Still these cells work together to create the built-in GPS we share with animals like mice.

By Sarah Haurin

Panic in the Poster Session!

For their recent retreat, Regeneration Next tried something a little different for the time-honored poster session.

Rather than simply un-tubing that poster they took to the American Association of Whatever a few months ago, presenters were asked to DRAW their poster fresh and hot on a plain sheet of white paper in 15 minutes, using nothing more than an idea and a couple of markers.

Concerns were shared, shall we say, with the leadership of the regenerative medicine initiative when the rules were announced.

“People are always nervous about something they haven’t tried before,” said Regeneration Next Executive Director Sharlini Sankaran. “There was a lot of anxiety about the new format and how they would explain their research without charts and graphs.”

There was palpable poster panic as the retreat moved to the wide open fifth floor of the Trent Semans Center in the late afternoon. Administrative coordinator Tiffany Casey had spread out a rainbow of brand-new sharpies and the moveable bulletin boards stood in neat, numbered ranks with plain white sheets of giant post-it paper.

After some nervous laughter and a few attempts at color-swapping, the trainees and junior faculty got down to drawing their science on the wobbly tackboards.

And then, it worked! It totally worked. “I think I saw a lot more interactivity and conversation,” Sankaran said.

Valentina Cigliola

A fist-full of colorful sharpies gave Valentina Cigliola a colorful launching point for some good conversations about spinal cord repair, rather than just standing there mutely while visitors read and read and read.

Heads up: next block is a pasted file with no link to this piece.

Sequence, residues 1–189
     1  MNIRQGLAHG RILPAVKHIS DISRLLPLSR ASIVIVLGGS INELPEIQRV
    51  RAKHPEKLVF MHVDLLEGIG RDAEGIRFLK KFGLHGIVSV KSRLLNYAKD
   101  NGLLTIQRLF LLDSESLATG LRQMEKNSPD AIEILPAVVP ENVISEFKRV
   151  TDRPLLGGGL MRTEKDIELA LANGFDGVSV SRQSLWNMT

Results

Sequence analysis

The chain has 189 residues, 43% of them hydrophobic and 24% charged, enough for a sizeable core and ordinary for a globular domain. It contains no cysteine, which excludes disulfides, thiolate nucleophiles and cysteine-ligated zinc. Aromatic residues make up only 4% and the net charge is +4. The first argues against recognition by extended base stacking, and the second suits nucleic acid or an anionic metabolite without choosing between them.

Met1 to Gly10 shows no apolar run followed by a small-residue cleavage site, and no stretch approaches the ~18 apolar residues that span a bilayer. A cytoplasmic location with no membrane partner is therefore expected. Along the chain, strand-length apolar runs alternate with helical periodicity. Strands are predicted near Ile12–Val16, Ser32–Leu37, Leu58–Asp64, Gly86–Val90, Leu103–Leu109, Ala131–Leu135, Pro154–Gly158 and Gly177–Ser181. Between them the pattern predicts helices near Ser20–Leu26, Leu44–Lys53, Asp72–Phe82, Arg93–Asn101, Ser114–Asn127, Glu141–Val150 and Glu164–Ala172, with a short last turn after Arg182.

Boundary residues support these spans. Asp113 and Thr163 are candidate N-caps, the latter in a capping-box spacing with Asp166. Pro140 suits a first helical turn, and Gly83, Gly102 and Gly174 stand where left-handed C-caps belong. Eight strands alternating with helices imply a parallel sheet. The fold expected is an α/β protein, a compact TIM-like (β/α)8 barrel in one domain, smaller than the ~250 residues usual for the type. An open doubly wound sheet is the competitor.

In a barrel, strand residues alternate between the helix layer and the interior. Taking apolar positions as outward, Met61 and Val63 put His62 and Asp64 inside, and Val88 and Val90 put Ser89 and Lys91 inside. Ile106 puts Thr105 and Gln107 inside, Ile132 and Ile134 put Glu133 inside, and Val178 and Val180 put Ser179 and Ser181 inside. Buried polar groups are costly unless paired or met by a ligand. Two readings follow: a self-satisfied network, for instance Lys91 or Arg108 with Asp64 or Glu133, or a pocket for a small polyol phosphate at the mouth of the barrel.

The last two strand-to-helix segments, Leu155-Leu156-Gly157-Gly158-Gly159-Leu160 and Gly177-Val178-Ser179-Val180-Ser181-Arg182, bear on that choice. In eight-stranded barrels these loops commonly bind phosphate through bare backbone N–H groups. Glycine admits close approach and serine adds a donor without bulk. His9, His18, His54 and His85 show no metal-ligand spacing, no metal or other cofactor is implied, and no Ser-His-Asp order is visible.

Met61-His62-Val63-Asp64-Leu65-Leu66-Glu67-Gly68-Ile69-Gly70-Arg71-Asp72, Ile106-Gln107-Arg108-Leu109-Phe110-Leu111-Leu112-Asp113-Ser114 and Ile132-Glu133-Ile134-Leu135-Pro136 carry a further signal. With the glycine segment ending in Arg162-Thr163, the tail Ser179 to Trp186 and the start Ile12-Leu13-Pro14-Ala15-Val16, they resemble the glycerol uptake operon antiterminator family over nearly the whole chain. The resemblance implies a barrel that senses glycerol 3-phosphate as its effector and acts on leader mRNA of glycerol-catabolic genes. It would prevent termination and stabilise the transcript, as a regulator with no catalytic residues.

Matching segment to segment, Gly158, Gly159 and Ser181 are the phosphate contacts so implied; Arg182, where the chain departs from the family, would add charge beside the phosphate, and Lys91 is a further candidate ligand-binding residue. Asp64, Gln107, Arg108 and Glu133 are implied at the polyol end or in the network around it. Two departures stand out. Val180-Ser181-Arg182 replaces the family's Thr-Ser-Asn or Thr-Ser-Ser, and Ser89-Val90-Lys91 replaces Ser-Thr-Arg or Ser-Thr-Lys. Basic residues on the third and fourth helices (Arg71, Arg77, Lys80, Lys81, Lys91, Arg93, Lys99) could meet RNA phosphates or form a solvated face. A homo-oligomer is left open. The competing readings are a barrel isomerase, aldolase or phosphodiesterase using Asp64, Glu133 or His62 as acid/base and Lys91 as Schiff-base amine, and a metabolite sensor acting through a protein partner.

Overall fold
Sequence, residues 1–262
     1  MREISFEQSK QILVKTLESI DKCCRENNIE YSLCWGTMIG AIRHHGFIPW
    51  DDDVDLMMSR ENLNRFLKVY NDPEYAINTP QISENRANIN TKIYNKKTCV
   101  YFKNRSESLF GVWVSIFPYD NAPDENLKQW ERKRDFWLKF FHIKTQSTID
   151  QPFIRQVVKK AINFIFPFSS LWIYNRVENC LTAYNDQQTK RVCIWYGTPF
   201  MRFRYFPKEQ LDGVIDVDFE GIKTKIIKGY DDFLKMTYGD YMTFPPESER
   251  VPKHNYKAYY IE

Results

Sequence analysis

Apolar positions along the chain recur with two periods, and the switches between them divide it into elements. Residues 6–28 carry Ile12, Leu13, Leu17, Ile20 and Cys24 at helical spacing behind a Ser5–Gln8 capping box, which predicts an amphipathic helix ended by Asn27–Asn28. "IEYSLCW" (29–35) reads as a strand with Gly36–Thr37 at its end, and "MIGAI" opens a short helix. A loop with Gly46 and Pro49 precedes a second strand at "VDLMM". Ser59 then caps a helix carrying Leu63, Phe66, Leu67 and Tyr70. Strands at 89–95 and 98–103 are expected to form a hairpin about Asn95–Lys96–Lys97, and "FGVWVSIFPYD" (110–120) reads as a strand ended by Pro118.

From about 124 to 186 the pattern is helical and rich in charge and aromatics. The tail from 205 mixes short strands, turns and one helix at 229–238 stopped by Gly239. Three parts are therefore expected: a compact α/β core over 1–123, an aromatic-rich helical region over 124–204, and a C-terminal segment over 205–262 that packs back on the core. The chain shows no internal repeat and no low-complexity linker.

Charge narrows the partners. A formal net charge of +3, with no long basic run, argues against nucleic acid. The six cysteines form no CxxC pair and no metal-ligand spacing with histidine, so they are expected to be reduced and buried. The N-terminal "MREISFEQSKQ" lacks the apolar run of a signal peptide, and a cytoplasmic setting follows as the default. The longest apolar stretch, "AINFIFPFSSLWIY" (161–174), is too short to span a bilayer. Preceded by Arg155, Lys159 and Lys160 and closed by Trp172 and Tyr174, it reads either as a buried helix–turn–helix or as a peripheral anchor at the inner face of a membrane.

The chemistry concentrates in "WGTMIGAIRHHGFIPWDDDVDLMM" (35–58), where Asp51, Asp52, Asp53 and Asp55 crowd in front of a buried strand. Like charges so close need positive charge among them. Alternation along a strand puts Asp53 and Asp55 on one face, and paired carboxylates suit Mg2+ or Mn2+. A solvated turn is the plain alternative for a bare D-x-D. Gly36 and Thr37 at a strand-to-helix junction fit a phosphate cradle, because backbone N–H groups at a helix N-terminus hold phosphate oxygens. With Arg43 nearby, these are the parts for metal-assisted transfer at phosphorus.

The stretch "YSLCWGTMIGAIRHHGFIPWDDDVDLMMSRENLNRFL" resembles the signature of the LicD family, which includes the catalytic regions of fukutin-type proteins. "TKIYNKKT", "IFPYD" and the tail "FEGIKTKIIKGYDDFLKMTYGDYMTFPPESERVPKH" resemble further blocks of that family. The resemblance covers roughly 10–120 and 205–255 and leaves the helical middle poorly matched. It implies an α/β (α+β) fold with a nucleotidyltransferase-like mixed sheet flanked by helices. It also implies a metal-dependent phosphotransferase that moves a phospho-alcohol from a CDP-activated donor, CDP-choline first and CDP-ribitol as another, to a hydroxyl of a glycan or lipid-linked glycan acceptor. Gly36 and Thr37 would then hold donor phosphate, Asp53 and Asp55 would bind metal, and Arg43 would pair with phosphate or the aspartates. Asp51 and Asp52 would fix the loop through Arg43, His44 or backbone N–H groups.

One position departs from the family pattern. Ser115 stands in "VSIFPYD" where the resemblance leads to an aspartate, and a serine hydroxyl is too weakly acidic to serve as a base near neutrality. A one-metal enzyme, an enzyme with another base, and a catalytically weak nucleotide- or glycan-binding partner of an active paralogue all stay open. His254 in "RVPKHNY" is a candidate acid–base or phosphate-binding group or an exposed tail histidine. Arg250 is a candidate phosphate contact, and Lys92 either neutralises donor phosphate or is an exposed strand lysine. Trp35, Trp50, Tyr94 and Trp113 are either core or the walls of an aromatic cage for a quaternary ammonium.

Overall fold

Louis-Jan Pilaz

Louis-Jan Pilaz used the entire height of the giant post-it notes to draw a beautifully detailed neuron, with labeled parts explaining how the RNA-binding protein FMRP does some neat tricks during development of the cortex.

 

Delisa Clay

Delisa Clay’s schematics of fruitfly cells having too many chromosomes made it easier to explain. Well, that and maybe a glass of wine.

 

Jamie Garcia

Jamie Garcia used her cell-by-cell familiarity with the zebrafish to make a bold, clear illustration of notochord development and the fish’s amazing powers of self-repair.

 

Lihua Wang

Don’t you think Lihua Wang’s schematic of experimental results is so much more clear than a bunch of panels of tiny text and bar charts?

In the post-retreat survey, Sankaran said people either absolutely loved the draw-your-poster or hated it, but the Love group was much larger.

“Those who hated it felt they couldn’t represent data accurately with hand-drawn charts and graphs,” Sankaran said. “Or that their artistic skills were ‘being judged’.”

A few folks also pointed out that the drawing approach might work against people with a disability of some sort – a concern Sankaran said they will try to address next time.

There WILL be a next time, she added. “I had a few trainees come up to me to say they weren’t sure how it was going to go, but then they said they had fun!”

Post and pix by Karl Leif Bates, whose hand-drawn poster on working with the news office contained no data and was largely ignored.